The solos which then come in over the top of this rhythm gain in effect because of this build-up. Again, these solos do not work, in and of themselves, as displays of virtuoso talent, though certainly the flexibility and skill of the playing impress the casual listener and add to the pleasure of the work. They work more viscerally, in a physically kind-of-excruciating way: a physicality that wrings pleasure from itself. This is coded more-or-less specifically in the introduction of the first solo, that of the organ: Davies stutters the organ into life, echoing the way in which the preceding instruments have built on each other, but which also continues the sense of ever-so-slightly delayed pleasure. Even in this stuttering into life there is a kind of deferring and hence heightening of the pleasure: the first organ solo has a chunky and cheeky physical feel to it, and remains in the lower registers, so that it does not soar into life as we might otherwise expect from some of the more grandiose solos of the day. Naturally, the lower registers have a more physically-felt quality as well. The organ here plays to a physical response, not necessarily to a cerebral one. Furthermore, Davies’ keyboard style is perhaps the most rhythmic of any rock keyboard player of the time (he often notes that he started out as a drummer, and this rhythmic sensibility seems to flow over into his keyboard playing), picking at the edges of the beat as if he is drawing out the rhythm.

What might be construed as a more cerebral response is left to the first harmonica solo, which follows that of the organ: it plays a melody in higher registers than the organ, and so it seems to soar higher. But this contrast in itself brings a physical pleasure to the solo; and in any case, the height of the harmonica has its own kind of sharpness-on-the-ear physicality, a slight edge of pain to the pleasure that consequently heightens the pleasure. Again the harmonica is played relatively rhythmically as well, though there are pauses, gaps and “slides” in the playing that paradoxically emphasise the rhythm by working across it or omitting a beat: in a way we work to hear the beat that has been missed, or fill in the beat from the rhythm that is working underneath it. These lacunae again also add to the pleasure through that pleasure-in-pain quality, by missing out the rhythm that the harmonica is otherwise striving so hard to achieve.

There is also a sense of game-playing here, which shows that the cerebral is never too far from the physical. The game-playing is also obviously manifest in the back-and-forth between the organ and the harmonica, accentuated by the fact that Davies is soloing with himself, and not with another person. It adds a sense of the streetside busker impressing his audience by re-creating a full band by playing numerous instruments at the one time. This impressiveness is compounded by the fact that the rhythm behind Davies is played firmly but not overpoweringly: drumbeats are played with brushes and flicked rather than pounded, the maracas with their sustained (rather than punctuated) sound remain through the piece, and bass is somewhat bounced into the piece, rather than sustained on each note. The rhythm is also mixed into a thick firm block which cushions rather than dominates the song. There is a sense that the rhythm tracks are forward and present to us as listeners, with the solos reaching out from this closer to us.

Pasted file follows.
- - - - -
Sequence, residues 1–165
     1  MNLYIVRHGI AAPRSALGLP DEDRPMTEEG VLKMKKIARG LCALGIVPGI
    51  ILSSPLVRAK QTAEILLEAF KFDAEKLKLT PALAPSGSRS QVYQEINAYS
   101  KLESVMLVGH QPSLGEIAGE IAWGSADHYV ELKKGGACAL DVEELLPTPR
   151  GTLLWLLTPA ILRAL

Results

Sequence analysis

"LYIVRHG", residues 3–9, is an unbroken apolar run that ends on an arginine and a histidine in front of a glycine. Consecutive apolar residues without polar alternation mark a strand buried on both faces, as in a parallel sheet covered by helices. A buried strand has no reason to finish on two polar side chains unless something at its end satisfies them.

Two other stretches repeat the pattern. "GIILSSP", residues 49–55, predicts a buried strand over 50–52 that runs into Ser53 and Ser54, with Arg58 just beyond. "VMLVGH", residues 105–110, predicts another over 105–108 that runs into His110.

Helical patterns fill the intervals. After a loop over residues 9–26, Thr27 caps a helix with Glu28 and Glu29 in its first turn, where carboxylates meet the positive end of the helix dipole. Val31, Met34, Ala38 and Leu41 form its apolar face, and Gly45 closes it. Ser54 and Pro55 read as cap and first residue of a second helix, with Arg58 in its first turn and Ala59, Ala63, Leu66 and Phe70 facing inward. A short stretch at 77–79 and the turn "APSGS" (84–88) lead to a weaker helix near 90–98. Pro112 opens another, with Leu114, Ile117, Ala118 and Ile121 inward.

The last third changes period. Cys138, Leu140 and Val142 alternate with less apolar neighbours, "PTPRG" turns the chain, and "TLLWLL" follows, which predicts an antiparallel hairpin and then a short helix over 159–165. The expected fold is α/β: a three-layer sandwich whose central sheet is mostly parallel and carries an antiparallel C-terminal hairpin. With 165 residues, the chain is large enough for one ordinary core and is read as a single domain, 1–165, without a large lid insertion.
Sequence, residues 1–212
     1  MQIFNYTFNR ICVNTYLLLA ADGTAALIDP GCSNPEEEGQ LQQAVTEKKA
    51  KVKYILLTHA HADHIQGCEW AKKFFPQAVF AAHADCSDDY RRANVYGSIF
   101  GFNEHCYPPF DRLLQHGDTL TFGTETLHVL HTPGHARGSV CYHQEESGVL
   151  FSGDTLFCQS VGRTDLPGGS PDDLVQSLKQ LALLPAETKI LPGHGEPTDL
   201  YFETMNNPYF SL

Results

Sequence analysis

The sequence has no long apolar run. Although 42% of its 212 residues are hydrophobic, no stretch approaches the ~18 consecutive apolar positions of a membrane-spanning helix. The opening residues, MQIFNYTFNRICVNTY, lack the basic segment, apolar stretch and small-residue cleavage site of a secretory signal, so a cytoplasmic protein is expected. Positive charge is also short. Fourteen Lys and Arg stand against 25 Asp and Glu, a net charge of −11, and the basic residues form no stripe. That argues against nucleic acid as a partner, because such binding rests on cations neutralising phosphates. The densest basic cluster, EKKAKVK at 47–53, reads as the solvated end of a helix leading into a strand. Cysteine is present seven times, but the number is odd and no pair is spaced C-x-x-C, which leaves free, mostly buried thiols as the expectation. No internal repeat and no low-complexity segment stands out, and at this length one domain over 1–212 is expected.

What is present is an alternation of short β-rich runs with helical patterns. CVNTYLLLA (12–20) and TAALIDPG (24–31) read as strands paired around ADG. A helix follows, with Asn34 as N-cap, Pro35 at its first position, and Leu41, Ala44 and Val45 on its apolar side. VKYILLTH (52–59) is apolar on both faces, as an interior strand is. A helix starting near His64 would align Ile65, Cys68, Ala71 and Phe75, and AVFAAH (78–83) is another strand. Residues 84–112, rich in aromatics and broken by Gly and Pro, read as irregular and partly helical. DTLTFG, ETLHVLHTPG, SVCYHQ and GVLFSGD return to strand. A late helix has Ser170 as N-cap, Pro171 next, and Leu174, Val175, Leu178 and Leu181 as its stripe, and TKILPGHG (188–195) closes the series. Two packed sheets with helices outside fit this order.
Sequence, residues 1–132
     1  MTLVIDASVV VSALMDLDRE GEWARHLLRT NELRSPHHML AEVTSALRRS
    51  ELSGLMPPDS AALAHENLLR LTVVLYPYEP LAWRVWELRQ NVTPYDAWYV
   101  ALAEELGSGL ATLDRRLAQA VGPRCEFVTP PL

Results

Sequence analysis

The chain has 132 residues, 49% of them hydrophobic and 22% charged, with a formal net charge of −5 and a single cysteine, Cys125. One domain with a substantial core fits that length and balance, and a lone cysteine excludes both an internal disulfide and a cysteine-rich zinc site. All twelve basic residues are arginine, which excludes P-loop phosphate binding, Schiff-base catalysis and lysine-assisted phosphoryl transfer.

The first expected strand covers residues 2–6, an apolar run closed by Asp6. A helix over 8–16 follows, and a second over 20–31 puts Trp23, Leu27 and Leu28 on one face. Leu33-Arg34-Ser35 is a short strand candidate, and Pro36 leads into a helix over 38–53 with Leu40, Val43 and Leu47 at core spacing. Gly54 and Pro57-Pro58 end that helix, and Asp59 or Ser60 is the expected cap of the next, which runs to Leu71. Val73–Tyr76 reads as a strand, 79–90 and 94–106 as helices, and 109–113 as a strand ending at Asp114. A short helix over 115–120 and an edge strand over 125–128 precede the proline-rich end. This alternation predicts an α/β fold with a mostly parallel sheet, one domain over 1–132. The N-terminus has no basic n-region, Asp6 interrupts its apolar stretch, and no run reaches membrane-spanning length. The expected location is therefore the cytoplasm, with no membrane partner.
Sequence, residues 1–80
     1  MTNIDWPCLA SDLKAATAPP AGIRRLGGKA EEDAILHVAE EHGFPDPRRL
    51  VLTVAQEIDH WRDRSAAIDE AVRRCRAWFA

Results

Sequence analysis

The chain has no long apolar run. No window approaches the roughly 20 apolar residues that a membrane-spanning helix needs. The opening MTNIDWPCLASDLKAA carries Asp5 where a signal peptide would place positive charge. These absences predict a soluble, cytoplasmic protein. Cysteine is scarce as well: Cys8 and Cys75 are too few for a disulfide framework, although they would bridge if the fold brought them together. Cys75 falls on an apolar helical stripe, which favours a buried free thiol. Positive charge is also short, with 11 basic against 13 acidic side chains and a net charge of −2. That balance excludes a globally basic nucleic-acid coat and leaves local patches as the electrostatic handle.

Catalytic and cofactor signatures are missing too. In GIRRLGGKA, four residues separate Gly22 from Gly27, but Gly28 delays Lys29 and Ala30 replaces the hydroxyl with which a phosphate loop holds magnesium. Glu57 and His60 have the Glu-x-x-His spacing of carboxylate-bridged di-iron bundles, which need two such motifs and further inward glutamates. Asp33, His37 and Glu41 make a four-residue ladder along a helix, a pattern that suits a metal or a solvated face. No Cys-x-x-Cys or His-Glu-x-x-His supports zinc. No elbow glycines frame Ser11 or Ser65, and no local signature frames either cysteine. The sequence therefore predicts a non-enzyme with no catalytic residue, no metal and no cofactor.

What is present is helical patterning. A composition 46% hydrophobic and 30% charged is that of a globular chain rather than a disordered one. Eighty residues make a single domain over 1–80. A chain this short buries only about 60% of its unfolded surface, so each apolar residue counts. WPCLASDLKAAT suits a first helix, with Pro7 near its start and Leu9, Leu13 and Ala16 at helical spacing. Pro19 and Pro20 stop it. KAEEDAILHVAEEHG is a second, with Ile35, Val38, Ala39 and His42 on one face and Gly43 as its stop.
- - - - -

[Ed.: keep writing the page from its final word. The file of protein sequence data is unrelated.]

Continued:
However, the solos also seem to sheer off somewhere too, the harmonica having an edge of a deferred space, almost a note of regret, and the organ having a thick “over there” kind of feel. As a result, and also because the third section is, in effect, the moving off section of the song, it has a constant quality of drifting off, despite the physicality of this section. This paradoxical movement is compounded by the song’s disembodiment as a result of the solos taking over from Davies’ vocals. There is a very slightly unsettling note of Davies having been silenced in the third section, though there is a lyricality and personality to the solos which suggests that he has been absorbed in some way into them. But in a way, this personality is unsettled: the two instrumental “voices” (organ and harmonica) are competing with each other, in any case they literally lack a true voice, and metaphorically they do not make a point, because they end up drifting off in the fade-out.

It is a movement that takes the gradual emotional disengagement of the song in a slightly skew direction. Though the song gets rhythmically more excited and engaged in the third section, a current of personality persists and revives through this section; and though the general tide of the song is towards rhythmic engagement, this nonetheless fades out, somewhat precipitately, as just as it reaches the fade out the song is climbing to a renewed high point of excitement with the harmonica and the organ. Furthermore, with the song having been all along, in a sense, about drifting off, the actual drifting off of the song is somewhat dissatisfying, particularly owing to its precipitateness. Due to our cyclical listening of the album, it therefore remains an ongoing frustration that this instrumental section (and one of Supertramp’s most engaging) should forever be foreshortened.